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Whatzit in Montana

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  • Whatzit in Montana

    Found this in a field when I was pheasant hunting last week. A very rare find, especially one this size that is nearly intact. Anyone guess what it is?

  • #2
    A manure spreader.

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    • #3
      Looks like for inspecting telegraph line.

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      • #4
        Potato harvester.

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        • #5
          Late model "road grader". Probably used to build terraces.
          Being all metal, this one could possibly have been pulled by a tractor, but that would have required a 2 man crew.
          I've also heard them referred to as a "land plane".

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          • #6
            Originally posted by FirstBubba View Post
            Late model "road grader". Probably used to build terraces.
            Being all metal, this one could possibly have been pulled by a tractor, but that would have required a 2 man crew.
            I've also heard them referred to as a "land plane".
            I thought about cutting out the brand name on the side of it. Instead figured I'd give someone with some research skills a chance. Yes, it is a road grader. I have seen other ones that were horse powered (e.g. the grader at the Schaefer Meadows airstrip in Montana's Great Bear Wilderness) but never one this small. If it was truly horse driven I would think it would have at least one wheel in the front but maybe not needed given its small size. Actually, something like this would probably be worked with oxen as they had more power and could work rough or wet ground better. With its raised tongue I suppose this thing could be turned on a dime whereas the four or three wheeled variations would be less manoeuvrable (they would have steering wheels). The same field also contains the remnants of a very old Chev truck, I'm guessing about 1917. The cab is all there in one piece which is rather remarkable. No one has shot it full of holes ... yet. Beautiful pheasant hunting ground but no birds. Puppy finally did put up one rooster on the opposite end of the very large property just before dark. Wind was blowing 30 mph but I still got him. I bet we put in ten miles that day.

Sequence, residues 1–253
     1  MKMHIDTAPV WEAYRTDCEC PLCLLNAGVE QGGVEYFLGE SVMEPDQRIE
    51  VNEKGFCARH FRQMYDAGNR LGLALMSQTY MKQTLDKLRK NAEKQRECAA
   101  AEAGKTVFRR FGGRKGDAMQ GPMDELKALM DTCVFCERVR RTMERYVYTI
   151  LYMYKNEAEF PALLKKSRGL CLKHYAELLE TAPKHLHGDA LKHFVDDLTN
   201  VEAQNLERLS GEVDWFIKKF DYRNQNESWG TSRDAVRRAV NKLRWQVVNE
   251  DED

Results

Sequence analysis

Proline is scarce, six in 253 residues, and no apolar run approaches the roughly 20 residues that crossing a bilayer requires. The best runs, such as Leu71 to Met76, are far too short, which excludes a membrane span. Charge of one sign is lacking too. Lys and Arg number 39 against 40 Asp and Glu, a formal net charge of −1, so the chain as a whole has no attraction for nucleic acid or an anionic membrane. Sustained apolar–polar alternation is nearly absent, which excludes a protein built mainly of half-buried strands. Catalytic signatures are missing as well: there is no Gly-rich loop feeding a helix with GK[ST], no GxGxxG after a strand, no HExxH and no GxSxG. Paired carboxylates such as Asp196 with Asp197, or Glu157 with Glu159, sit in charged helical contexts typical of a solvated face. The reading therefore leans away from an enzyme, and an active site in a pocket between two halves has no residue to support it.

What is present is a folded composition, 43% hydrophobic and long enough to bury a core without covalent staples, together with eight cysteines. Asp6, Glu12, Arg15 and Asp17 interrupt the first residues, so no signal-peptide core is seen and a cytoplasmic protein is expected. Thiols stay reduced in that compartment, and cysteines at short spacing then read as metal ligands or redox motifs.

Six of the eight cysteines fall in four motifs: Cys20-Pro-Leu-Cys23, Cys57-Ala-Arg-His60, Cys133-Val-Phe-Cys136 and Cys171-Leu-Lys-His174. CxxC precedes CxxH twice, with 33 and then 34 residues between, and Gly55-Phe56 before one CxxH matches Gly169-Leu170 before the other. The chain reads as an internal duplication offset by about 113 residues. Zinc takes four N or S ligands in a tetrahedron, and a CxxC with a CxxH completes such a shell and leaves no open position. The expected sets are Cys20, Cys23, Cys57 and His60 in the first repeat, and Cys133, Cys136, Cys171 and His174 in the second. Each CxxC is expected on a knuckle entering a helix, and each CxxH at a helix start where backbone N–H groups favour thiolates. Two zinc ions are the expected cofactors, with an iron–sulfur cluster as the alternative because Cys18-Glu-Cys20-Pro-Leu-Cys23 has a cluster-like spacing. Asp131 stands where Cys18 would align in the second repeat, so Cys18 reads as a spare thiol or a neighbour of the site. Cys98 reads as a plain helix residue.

The two "wheels" on top are actually cranks, one for raising and lowering the blade (only about five feet long and maybe a foot and a half high) and the other crank changes the angle.
            Last edited by Ontario Honker Hunter; 11-27-2019, 08:44 PM.

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            • #7
              Originally posted by Ontario Honker Hunter View Post

              I thought about cutting out the brand name on the side of it. Instead figured I'd give someone with some research skills a chance. Yes, it is a road grader. I have seen other ones that were horse powered (e.g. the grader at the Schaefer Meadows airstrip in Montana's Great Bear Wilderness) but never one this small. If it was truly horse driven I would think it would have at least one wheel in the front but maybe not needed given its small size. Actually, something like this would probably be worked with oxen as they had more power and could work rough or wet ground better. With its raised tongue I suppose this thing could be turned on a dime whereas the four or three wheeled variations would be less manoeuvrable (they would have steering wheels). The same field also contains the remnants of a very old Chev truck, I'm guessing about 1917. The cab is all there in one piece which is rather remarkable. No one has shot it full of holes ... yet. Beautiful pheasant hunting ground but no birds. Puppy finally did put up one rooster on the opposite end of the very large property just before dark. Wind was blowing 30 mph but I still got him. I bet we put in ten miles that day.

              The two "wheels" on top are actually cranks, one for raising and lowering the blade (only about five feet long and maybe a foot and a half high) and the other crank changes the angle.
              This area was part of the last (1904) Ok land rush.
              It's STILL absolutely loaded with old, horse drawn equipment and steel wheeled tractors.
              I can show you a 10' grain drill with a wooden (what's left of it!) grain box with about a huge hackberry tree growing up through it.
              Stationary hay balers. I hauled a stationary grain thrasher to the scrap yard. Rusted beyond rebuilding.
              Still lots of tractors around with the old fly wheel.
              Hay rakes, sickle mowers, fresnoes, a sweet potato planter and other hunks of oxidized history that are beyond redemption except for the scrap dealer.

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